What a difference a month can make for markets trying to guess which way the OPEC+ group of oil exporting nations will take their output policy.
Source: Reuters, by Clyde Russell
A month ago, the broader market largely expected the group, made up of OPEC and key allies including Russia, to increase crude production to cool sharply rising oil prices.
Instead, the group held its output cuts at around 7 million barrels per day (bpd) for another month, extending them into April.
The market’s surprise was compounded by what was probably its incorrect reading of the move and subsequent price action.
Prices rose after the OPEC+ output cut extension bolstered views that tightened supply would be bullish with the global economic recovery expected to support demand.
The missing link in the market’s equation was that an uptick in demand was just a projection, and not yet a reality, and that there was still plenty of crude available.
The situation for Thursday’s meeting of OPEC+ hasn’t really changed much in a month, with current demand still soft and refiners not competing hard to secure cargoes.
In the top oil-consuming and importing region of Asia, most refiners will have already completed their May loading programmes and will be working on June and even July.
This means that OPEC+ producers will be well aware of how much crude is sought, and it’s likely to be much the same as demand in March and April.
Ahead of the OPEC+ meeting on Thursday, the market now expects the output cuts to be rolled over for May, and this time it will likely be interpreted as a bearish demand signal.
What happened in the oil market around the previous OPEC+ meeting on March 5 was a mismatch of expectations, reflected in bullish prices in the paper crude market, and the reality of weak refiner demand and producers’ unsold cargoes.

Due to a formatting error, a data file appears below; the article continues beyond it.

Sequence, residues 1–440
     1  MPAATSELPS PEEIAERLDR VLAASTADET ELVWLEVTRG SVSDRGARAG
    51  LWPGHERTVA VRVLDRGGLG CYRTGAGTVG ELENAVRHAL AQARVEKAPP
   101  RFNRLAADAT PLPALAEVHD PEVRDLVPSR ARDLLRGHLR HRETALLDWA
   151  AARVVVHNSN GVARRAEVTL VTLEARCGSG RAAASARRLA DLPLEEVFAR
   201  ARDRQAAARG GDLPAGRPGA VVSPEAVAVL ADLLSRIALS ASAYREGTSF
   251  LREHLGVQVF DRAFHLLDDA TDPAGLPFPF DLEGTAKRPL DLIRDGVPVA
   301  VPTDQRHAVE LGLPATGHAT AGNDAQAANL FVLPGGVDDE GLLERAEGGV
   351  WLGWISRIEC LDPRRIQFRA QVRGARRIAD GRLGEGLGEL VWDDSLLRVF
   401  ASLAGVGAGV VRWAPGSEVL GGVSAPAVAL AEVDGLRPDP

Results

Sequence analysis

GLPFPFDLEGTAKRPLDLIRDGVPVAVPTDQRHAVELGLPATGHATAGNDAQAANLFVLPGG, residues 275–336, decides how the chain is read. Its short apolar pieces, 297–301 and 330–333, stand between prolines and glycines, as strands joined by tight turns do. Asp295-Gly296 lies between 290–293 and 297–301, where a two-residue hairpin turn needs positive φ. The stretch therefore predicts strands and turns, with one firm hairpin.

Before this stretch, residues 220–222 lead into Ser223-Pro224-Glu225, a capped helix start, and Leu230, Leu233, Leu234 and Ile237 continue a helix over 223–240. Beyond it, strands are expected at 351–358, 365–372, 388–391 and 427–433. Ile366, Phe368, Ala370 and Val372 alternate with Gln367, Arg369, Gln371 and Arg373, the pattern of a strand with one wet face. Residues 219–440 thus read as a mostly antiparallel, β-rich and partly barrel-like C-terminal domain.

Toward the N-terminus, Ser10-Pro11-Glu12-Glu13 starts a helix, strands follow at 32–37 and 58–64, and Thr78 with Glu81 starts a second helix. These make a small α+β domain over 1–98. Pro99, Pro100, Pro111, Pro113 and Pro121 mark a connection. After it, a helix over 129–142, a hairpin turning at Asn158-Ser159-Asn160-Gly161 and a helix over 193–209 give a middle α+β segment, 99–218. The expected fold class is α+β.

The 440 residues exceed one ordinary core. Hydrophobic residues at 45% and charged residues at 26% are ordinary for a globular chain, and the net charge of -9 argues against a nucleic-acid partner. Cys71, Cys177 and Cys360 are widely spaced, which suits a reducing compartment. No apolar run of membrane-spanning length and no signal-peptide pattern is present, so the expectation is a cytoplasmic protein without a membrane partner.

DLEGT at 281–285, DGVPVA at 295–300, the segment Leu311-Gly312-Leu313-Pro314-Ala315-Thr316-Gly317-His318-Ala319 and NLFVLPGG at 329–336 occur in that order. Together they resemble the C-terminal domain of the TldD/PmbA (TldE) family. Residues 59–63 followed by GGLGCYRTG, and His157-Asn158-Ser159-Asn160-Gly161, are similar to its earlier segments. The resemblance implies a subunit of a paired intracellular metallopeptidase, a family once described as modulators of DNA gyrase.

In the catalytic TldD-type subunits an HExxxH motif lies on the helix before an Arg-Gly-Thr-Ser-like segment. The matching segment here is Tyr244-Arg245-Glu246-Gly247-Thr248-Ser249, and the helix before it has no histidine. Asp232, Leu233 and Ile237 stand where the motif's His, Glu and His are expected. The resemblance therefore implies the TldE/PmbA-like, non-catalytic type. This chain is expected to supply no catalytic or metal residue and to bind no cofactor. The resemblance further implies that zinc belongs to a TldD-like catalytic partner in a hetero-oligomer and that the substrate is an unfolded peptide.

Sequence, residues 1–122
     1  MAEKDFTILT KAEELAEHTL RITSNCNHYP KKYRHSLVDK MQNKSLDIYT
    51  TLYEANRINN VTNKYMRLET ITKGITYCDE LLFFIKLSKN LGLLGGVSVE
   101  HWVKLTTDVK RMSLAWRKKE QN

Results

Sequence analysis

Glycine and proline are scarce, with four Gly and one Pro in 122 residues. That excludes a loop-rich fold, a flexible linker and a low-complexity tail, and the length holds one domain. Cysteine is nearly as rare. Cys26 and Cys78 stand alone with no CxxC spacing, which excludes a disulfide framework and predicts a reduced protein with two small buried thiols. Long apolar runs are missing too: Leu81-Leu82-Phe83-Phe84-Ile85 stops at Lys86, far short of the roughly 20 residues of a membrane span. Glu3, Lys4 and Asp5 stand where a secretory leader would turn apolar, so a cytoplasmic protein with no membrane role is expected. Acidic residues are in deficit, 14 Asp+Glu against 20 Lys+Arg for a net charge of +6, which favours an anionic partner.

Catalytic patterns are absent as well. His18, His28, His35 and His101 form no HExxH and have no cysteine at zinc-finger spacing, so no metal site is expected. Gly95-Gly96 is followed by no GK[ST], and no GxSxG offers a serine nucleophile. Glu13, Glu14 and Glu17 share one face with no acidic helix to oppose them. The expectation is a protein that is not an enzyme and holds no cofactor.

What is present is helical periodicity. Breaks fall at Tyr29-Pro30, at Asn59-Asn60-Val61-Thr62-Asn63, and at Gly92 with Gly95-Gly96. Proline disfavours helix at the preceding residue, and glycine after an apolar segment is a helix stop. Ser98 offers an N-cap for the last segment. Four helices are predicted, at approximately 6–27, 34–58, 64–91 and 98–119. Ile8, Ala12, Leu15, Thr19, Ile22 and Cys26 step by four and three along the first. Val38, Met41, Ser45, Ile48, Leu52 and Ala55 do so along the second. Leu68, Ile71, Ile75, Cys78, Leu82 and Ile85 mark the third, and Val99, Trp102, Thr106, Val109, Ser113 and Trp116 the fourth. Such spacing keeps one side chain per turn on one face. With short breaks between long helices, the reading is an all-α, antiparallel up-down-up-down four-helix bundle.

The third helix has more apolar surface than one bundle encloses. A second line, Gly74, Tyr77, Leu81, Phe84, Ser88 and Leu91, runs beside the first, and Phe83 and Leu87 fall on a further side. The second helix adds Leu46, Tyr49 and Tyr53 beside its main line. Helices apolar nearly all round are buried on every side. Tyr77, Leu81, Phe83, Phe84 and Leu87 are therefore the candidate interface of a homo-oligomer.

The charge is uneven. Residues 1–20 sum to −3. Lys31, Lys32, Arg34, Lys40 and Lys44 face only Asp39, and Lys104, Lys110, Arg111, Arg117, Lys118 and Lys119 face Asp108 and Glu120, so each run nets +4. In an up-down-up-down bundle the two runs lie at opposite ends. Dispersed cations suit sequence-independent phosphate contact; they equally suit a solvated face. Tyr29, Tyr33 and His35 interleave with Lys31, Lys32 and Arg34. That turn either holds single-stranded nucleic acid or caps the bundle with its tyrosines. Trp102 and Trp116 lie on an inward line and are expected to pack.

The paper market may be correct that demand will recover, but it’s now likely to be in the second half of the year, as many countries continue to battle outbreaks of the coronavirus and uneven vaccine rollouts across the globe.
Brent crude futures reached a 14-month intraday high of $71.38 on March 8, in the wake of the OPEC+ decision to roll over output cuts for April, but have since retreated to trade around $63.53 in early Asian trade on Thursday.
The decline of around 11% brings the global benchmark futures contract more into line with the signals from the physical market, where traders report no shortage of available crude and refiners, especially in Asia, shop around for cheaper supplies than those offered by OPEC+.
STEADY ASIA IMPORTS
Asia’s crude imports are forecast by Refinitiv Oil Research to be around 25.2 million bpd in March, down from February’s 25.75 million bpd, but up from January’s 24.58 million bpd.
Top consumer China is expected to import 11.42 million bpd in March, down slightly from 11.65 million bpd in February, while number two India is forecast to buy 4.16 million bpd, a marginal increase from February’s 4.10 million bpd.
Overall, the message from the physical market in Asia is that demand ex-China is up from the pandemic lows of last year, but still behind pre-pandemic levels.
The region’s refiners still face weak margins, a factor that is unlikely to spur higher crude purchases.
The profit drivers have also swung around, with refiners making more money from gasoline than diesel, a sign that demand in the key industrial sector remains soft, even as light vehicle transport recovers.
The crack, or profit, from making a barrel of Brent crude into gasoline in Singapore rose to $7.12 on Wednesday, the highest since February last year.
However, the crack for producing a barrel of gasoil with 10 parts per million sulphur, the building block for diesel and jet fuel, ended at $4.76 on Wednesday, up slightly from the previous day’s four-month low of $4.71.
While gasoline margins have returned to around the pre-pandemic levels seen in much of 2019, the gasoil crack is still well below the 2019 range of $12-$20 a barrel, reflecting ongoing weakness in both jet fuel and diesel demand.